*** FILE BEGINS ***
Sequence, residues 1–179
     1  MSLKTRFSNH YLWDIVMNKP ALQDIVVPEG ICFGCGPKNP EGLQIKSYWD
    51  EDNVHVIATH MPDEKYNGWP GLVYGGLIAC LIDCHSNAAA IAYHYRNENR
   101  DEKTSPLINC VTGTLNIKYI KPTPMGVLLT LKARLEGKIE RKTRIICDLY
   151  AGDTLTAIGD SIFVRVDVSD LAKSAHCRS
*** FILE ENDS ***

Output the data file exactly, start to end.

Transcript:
Sequence, residues 1–179
     1  MSLKTRFSNH YLWDIVMNKP ALQDIVVPEG ICFGCGPKNP EGLQIKSYWD
    51  EDNVHVIATH MPDEKYNGWP GLVYGGLIAC LIDCHSNAAA IAYHYRNENR
   101  DEKTSPLINC VTGTLNIKYI KPTPMGVLLT LKARLEGKIE RKTRIICDLY
   151  AGDTLTAIGD SIFVRVDVSD LAKSAHCRS